North Dakota House Counsel

Rule 3(b) of the North Dakota Supreme Court Rules allows attorneys licensed in other jurisdictions to register and represent clients in an Alternative Dispute Resolution process in North Dakota or register and practice as in-house counsel exclusively for a corporation or its subsidiaries or affiliates, an association, or a business whose lawful activities are not the practice of law or the provision of legal services.

Attorneys cannot be licensed in North Dakota but must be admitted and licensed to practice law in another state or the District of Columbia and must be otherwise qualified for admission to the practice of law in North Dakota. Attorneys currently under suspension, disbarment, or license restriction in any jurisdiction are not eligible for pro hac vice admission or registration.

In-house attorneys seeking to appear in person, by signing pleadings, or by being designated as counsel in actions filed in courts, administrative agencies, or other tribunals in North Dakota must file a separate motion for North Dakota Pro Hac Vice admission. If the attorney is properly registered, there is no separate fee.

Attorneys may provide legal services for five years or until the attorney becomes eligible for admission based on practice as provided by the rules for North Dakota Admission on Motion, whichever is earlier. Attorneys must then apply for and be admitted to the practice of law in North Dakota in order to provide legal services in North Dakota.

Attorneys registered as in-house counsel must also comply with North Dakota’s CLE requirements and have to complete at least 45 hours of approved CLE coursework during each a three-year period.

Application and Registration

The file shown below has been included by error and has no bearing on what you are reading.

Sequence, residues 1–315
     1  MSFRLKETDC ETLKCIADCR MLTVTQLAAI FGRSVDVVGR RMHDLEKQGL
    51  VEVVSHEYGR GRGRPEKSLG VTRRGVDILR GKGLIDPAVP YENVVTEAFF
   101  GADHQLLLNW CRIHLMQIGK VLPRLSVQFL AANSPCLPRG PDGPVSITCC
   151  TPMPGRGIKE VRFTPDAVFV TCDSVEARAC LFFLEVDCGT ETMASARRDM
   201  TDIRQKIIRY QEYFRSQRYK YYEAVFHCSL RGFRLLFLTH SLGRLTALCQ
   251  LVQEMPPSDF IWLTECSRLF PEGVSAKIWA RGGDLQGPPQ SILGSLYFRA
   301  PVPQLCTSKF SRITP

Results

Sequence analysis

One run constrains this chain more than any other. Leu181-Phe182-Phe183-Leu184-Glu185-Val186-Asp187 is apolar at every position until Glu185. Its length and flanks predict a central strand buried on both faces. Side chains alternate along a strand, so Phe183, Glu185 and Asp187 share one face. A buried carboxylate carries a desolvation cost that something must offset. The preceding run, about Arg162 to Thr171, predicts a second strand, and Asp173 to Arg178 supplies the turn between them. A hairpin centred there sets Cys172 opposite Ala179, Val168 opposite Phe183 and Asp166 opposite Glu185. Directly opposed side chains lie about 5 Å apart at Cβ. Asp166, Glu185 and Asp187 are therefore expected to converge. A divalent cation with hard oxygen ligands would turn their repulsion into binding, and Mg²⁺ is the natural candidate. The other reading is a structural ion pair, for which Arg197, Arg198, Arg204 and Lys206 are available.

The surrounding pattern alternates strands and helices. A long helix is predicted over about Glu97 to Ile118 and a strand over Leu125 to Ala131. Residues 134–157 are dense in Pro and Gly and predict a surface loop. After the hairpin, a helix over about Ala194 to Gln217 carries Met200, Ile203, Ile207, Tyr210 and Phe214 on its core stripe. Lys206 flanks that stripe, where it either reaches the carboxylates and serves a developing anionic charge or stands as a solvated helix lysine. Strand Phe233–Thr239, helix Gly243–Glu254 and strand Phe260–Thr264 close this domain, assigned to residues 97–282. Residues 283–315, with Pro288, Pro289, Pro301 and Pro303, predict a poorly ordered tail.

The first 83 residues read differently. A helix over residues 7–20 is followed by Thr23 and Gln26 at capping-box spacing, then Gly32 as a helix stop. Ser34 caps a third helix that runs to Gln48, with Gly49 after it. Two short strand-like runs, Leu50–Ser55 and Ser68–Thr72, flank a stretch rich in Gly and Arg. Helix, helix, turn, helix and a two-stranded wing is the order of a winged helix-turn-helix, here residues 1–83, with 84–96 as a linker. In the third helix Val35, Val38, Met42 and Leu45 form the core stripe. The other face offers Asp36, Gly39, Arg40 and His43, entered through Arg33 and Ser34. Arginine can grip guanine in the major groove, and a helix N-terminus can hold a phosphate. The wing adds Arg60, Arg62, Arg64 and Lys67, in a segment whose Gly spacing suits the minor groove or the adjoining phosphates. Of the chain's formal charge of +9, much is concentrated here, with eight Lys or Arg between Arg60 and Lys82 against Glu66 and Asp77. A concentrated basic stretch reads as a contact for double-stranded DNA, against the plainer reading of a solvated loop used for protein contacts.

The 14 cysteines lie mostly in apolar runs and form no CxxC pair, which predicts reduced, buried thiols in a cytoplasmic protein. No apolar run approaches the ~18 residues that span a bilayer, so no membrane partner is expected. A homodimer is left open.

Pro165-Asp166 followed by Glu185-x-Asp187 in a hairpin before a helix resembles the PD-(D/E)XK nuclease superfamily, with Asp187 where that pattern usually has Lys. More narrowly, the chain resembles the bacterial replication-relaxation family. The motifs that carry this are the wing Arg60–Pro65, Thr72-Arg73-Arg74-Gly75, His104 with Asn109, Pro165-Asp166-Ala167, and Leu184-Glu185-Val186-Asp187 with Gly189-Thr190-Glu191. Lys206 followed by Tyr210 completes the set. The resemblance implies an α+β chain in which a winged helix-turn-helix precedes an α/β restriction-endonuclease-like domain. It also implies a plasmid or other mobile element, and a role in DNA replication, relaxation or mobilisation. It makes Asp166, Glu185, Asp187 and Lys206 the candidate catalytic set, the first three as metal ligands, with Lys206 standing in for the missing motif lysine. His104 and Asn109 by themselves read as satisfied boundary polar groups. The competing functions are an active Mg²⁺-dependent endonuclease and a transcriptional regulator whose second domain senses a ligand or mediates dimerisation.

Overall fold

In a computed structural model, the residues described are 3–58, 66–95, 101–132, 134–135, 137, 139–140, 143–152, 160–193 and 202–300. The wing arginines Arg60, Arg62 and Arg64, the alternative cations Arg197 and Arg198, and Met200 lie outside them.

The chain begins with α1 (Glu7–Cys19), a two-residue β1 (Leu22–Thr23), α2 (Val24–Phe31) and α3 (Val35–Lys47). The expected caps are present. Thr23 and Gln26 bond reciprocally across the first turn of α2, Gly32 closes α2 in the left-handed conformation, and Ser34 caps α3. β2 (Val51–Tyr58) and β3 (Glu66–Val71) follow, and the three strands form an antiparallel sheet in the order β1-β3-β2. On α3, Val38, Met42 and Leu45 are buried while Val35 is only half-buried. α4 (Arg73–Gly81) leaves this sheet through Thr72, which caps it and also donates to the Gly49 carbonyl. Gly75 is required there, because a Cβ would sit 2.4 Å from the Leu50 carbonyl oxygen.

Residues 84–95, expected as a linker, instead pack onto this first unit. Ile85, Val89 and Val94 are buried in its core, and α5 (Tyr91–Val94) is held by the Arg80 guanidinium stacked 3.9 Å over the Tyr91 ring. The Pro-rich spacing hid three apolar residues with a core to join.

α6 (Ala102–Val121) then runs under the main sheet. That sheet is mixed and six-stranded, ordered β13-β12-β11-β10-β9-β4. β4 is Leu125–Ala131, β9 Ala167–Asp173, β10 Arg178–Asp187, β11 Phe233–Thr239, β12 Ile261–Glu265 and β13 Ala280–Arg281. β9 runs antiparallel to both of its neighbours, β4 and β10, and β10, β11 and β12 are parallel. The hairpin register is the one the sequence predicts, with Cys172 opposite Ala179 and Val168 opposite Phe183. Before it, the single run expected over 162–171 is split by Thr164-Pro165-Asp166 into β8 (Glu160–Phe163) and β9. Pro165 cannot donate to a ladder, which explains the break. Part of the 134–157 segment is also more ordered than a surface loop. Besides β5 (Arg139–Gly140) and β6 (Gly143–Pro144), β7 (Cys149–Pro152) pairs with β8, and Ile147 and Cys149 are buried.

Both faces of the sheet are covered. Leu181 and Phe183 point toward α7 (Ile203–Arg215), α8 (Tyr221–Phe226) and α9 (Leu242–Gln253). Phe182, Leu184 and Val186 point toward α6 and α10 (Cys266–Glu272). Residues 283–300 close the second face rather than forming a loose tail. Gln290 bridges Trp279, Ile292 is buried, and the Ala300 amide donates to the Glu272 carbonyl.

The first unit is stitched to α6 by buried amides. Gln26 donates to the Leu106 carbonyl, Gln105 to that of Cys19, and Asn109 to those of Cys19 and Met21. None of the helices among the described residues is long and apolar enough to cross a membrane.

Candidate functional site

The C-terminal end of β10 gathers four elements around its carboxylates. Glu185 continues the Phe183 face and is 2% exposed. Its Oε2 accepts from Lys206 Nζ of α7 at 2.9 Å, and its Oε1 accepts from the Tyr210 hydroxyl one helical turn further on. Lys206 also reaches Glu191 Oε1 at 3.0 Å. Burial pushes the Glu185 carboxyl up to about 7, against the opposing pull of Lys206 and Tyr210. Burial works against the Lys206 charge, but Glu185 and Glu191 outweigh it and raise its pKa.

Attorneys are required to file with the North Dakota Board of Law Examiners the following:

  • Attorney Affidavit. An affidavit requesting permission to render legal services in North Dakota for the calendar year as in-house counsel or by representing a client in an alternative dispute resolution process.
  • Employer Affidavit. Attorneys registering as in-house counsel must submit an affidavit from an officer, director, or general counsel of the attorney’s employer in North Dakota attesting that the registrant is employed as an attorney exclusively for the employer, that the registrant is an individual of good moral character, and that the nature of the employment qualifies the attorney for registration under these rules.

Attorneys registering to represent clients in an Alternative Dispute Resolution process must submit a letter from the disciplinary authority in each jurisdiction where the attorney is admitted indicating the attorney is in good standing in the jurisdiction.

  • The fee is required for an attorney who has been licensed in North Dakota for five years or more.

Registration is required for each calendar year where the nonresident attorney provides legal services in North Dakota as provided in these rules and North Dakota Multijurisdictional Practice Rule 5.5 of the North Dakota Rules of Professional Conduct.

Registration terminates at the end of each calendar year but may be renewed. Registration also terminates if the employment is terminated or if the attorney becomes eligible for admission through the North Dakota Admission on Motion Rules.